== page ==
The majority of nursing homes in Florida receive the bulk of their funding from state and federal coffers. One of the ways regulators can ensure these facilities abide by basic care standards is to reduce or revoke Medicaid and/or Medicare reimbursements to providers who fail those standards.
This has historically proven a very effective tool.
Unfortunately, a recent case out of Florida indicates some troubled facilities may have an easy way out: Bankruptcy. Specifically, Chapter 11 bankruptcy, which allows for business reorganization.
According to a Dow Jones report, a St. Petersburg nursing home facility has emerged successfully from a bankruptcy filing – which erased all of its debts and preserves its plans to continue caring for 110 patients with its Medicare and Medicaid provider agreements intact.
The ruling by a U.S. Bankruptcy Court Judge was a major blow for the government officials who initially filed Agency for Health Care Administration v. Bayou Shores LLC in Florida Middle District Court in order to penalize the center for providing substandard care and nursing home negligence against elderly patients and those with dementia.
The nursing home filed for bankruptcy after it was facing hefty fines and regulatory sanctions as a result of health care practices and conditions that put patients in danger. Bankruptcy filing was unquestionably a defensive move by the company, which receives 90 percent of its revenue from the government.
Government officials have long held bankruptcy courts don’t have power to stop regulators from severing agreements to provide Medicaid and Medicare reimbursements.
The government notified the facility it would be cutting off its Medicare agreement prior to the bankruptcy filing. However, termination couldn’t be carried out until the appeals process was complete, which meant the agreement was still technically in place when the center filed for bankruptcy.
Some attorneys view this as a potential nightmare – legally speaking – for the government, though it is possible and perhaps likely the agency can seek review from a higher federal court.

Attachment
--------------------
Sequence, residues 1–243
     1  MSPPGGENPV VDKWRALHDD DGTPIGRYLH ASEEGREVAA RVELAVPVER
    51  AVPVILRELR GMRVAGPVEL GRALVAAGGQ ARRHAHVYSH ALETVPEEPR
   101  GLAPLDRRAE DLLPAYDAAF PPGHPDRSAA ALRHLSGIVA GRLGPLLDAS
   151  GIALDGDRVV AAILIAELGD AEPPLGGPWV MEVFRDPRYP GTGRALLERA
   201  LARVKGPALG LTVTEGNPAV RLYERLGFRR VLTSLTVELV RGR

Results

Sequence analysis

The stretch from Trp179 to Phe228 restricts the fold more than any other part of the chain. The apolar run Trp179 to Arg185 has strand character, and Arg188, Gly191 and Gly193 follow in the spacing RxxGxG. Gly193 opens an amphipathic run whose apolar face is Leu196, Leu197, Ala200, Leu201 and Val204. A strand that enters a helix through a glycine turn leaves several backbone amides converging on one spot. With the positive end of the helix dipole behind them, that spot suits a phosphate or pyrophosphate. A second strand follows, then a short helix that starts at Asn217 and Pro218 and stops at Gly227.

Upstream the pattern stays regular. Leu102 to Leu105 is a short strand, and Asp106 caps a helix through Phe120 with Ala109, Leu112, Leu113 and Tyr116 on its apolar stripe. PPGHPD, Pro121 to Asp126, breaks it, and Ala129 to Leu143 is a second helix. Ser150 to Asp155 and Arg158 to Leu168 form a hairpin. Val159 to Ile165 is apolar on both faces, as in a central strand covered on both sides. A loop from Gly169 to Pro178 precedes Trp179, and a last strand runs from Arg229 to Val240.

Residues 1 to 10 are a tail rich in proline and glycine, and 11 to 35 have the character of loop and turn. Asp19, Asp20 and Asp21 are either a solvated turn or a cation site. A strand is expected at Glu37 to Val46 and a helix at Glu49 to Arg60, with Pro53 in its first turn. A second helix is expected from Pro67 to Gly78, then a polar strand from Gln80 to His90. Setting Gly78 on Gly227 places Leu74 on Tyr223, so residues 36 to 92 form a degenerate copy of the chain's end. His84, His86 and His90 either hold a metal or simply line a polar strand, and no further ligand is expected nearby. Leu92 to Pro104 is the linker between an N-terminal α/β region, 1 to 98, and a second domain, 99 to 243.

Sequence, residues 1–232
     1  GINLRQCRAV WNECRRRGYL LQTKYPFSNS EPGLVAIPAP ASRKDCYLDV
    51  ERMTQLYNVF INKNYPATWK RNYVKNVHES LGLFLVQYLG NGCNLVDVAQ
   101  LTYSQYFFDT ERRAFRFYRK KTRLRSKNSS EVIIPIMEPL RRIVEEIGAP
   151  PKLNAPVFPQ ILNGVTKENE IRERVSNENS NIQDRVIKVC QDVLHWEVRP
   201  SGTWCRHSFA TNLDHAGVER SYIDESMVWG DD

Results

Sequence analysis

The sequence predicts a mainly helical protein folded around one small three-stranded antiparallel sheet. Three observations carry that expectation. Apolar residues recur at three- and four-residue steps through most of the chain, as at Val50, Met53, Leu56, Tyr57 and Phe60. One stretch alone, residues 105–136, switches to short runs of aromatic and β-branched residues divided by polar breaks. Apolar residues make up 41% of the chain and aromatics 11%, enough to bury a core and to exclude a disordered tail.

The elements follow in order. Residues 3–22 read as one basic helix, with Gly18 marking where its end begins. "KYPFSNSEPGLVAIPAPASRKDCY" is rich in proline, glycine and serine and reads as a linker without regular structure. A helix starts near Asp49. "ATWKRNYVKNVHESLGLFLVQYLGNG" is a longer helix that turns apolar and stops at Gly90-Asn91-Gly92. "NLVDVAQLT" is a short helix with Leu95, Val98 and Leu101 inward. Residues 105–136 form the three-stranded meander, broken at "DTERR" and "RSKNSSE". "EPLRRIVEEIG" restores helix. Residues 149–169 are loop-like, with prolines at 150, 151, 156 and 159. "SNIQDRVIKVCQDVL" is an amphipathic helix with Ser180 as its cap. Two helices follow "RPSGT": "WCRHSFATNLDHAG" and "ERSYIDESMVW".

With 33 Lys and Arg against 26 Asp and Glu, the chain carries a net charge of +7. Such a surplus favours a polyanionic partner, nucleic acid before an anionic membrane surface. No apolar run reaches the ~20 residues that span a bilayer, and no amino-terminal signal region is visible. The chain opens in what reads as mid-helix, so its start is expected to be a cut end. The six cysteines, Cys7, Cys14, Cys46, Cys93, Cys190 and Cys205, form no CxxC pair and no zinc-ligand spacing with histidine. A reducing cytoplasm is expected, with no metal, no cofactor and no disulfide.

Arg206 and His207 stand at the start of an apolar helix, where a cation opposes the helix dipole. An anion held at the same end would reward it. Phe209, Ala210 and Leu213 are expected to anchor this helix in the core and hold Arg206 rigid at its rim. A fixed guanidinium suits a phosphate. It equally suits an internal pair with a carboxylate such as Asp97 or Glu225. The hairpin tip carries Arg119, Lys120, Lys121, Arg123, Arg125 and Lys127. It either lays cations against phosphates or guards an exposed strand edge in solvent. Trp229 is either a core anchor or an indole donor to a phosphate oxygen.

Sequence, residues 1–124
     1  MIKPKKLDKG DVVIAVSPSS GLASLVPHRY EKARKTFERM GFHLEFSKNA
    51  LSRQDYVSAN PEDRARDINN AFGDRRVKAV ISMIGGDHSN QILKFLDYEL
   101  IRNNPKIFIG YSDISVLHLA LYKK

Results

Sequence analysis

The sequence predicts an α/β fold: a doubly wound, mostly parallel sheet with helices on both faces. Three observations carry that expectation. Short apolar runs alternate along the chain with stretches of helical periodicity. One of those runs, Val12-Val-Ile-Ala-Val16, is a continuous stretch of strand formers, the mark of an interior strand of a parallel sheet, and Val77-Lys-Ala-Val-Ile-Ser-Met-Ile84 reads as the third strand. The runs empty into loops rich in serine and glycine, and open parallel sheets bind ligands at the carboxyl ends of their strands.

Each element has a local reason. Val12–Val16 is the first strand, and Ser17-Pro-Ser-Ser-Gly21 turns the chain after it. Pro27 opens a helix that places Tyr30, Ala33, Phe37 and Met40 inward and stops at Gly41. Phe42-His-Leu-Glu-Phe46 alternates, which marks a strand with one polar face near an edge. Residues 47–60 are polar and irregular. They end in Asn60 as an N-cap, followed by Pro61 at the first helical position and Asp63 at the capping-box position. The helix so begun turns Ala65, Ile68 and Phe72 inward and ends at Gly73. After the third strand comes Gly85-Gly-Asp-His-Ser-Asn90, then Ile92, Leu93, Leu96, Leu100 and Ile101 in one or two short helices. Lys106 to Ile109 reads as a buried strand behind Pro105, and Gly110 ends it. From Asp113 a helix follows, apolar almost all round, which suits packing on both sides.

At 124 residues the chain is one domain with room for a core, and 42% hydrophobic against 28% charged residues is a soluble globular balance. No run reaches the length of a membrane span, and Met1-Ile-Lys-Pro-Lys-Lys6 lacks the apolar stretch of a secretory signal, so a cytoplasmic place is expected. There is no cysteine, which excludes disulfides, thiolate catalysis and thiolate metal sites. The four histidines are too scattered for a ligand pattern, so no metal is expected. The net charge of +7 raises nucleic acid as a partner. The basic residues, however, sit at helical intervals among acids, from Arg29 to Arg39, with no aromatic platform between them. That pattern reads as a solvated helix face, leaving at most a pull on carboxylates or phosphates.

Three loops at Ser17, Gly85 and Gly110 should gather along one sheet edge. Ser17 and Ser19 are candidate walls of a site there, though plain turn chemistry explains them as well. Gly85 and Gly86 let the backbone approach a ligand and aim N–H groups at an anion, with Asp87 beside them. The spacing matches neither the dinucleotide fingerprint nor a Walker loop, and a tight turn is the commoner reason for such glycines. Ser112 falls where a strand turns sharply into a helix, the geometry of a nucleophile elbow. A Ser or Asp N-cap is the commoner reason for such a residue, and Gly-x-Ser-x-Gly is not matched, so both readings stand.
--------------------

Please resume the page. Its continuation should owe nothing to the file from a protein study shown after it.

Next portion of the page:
One of the primary questions that may be asked is whether the government has the authority to invoke an exception to bankruptcy’s automatic stay under “police power” provisions. The bankruptcy court ruled it could not invoke this exceptions because the government was acting to protect its own financial interests, rather than the safety of the facilities.
If the ruling is supported on appeal, the government is going to have a tougher time collecting on fines from nursing homes that file for bankruptcy protection.
Supporters of the bankruptcy court’s action say this could be a model for other distressed providers to correct compliance failures. Other providers who have lost Medicaid and Medicare funding have found it very difficult to bring themselves back into full compliance and restore those funds.
But that system gave facilities strong incentive to stay compliant in the first place. The concern is if administrators know they will have an option for a second chance through bankruptcy – even if the government takes the rare action of cutting them off – there is little motivation to improve.
Still, it isn’t certain this particular center will stay in business. The one pending action where the government still has control is its license renewal, which is in the hands of the Florida Agency for Health Care Administration. Officials with that agency have indicated they plan to deny the application for renewal.
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Fla. Nursing Home’s Bold Ch. 11 Play Pays Off, Jan. 2, 2015, By Andrew Scurria, Law360.com
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Report: Nursing Homes Not Accountable for Oversedation, Jan. 5, 2015, Broward Nursing Home Abuse Lawyer Blog